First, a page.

Album review: Ben Harper & Charlie Musselwhite, Get up

By Tony Nielsen

Get Up is a straightforward blues album, but it's mostly high octane and showcases two guys in the prime of their musical careers. At 69, Musselwhite has long ago paid his dues, while Harper's talent is prodigious, as demonstrated in his genre-bending journey to date, from pop hits to his highly regarded work with the Blind Boys of Alabama. As a blues guitarist and vocalist he's very adept too, and sounds even better with Musselwhite's harmonica as a backdrop.

The approach varies, with the opener Don't Look Twice starting in a relaxed acoustic style with Harper trading tasty bottleneck licks with Musselwhite's harp, and then the band kicking in. The high-voiced vocal is eerily reminiscent of JB Lenoir. Tracks such as I'm in, I'm Out, I'm Gone, Don't Believe a Word You Say and Blood Side Out adopt a full-on, uncompromising aural assault. In between, the contrasts are We Can't End This Way, with a loping Bo Diddley beat, and All That Matters Now, which revisits the acoustic end of their spectrum as they borrow Elmore James's melody from It Hurts Me Too.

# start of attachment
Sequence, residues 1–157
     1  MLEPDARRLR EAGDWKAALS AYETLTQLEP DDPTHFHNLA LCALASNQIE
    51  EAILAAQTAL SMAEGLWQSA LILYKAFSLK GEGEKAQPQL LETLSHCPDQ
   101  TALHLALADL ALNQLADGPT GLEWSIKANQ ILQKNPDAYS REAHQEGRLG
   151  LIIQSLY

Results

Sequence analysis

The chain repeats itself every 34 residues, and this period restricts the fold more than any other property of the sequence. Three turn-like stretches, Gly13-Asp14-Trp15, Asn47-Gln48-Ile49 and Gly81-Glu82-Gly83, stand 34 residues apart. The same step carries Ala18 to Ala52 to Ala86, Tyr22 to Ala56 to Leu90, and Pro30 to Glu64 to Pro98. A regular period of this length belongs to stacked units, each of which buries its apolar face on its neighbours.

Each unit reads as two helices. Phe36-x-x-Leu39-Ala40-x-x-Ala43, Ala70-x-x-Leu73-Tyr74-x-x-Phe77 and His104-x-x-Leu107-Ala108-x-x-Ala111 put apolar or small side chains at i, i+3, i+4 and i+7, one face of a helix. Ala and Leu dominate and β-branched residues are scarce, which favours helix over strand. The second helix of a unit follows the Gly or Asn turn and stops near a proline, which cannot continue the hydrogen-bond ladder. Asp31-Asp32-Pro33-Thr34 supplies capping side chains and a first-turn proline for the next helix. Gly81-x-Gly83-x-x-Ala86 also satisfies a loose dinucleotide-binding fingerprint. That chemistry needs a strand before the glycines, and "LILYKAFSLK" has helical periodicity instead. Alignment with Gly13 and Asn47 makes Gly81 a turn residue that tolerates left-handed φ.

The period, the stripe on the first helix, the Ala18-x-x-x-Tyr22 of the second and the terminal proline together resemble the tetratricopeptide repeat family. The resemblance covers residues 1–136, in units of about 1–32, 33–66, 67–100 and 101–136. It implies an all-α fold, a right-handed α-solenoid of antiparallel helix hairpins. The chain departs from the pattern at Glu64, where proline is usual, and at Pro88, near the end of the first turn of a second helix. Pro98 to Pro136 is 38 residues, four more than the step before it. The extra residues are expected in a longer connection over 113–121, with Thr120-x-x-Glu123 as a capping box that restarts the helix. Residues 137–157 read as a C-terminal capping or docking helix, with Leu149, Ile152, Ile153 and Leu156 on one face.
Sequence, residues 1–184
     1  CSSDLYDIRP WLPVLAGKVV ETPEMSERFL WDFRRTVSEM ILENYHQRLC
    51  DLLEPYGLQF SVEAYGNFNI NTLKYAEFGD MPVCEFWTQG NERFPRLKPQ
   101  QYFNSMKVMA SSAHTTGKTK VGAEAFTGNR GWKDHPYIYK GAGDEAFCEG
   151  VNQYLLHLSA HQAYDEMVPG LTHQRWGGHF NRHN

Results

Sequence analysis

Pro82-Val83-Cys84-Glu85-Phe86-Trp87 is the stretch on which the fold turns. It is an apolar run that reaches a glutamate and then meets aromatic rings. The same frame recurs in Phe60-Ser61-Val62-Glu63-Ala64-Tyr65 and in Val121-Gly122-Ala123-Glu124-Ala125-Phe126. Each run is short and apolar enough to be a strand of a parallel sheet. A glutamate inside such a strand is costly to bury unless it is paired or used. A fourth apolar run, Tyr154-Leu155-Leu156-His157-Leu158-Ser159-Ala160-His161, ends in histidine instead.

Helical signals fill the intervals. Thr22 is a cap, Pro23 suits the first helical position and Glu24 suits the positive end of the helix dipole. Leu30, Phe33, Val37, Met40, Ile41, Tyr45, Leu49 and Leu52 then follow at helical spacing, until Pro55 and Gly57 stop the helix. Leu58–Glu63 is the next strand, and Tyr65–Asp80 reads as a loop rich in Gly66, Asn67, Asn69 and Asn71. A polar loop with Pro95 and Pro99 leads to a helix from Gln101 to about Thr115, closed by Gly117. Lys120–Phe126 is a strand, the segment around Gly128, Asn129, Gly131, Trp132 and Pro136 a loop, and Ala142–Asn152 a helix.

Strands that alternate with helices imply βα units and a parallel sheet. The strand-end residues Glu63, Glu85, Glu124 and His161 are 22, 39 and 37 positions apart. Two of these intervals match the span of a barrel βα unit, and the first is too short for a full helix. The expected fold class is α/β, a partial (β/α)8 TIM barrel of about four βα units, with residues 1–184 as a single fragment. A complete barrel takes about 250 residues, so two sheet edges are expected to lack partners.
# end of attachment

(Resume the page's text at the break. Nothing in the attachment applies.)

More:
All up, this is a fine album varying between subtle acoustic songs and speaker-rattling, straight-up Chicago blues from the Southside. What started out sounding like four-star record quickly became a five.

Ben Harper & Charlie Musselwhite

Get Up

Rating: 5 / 5

- Hamilton News

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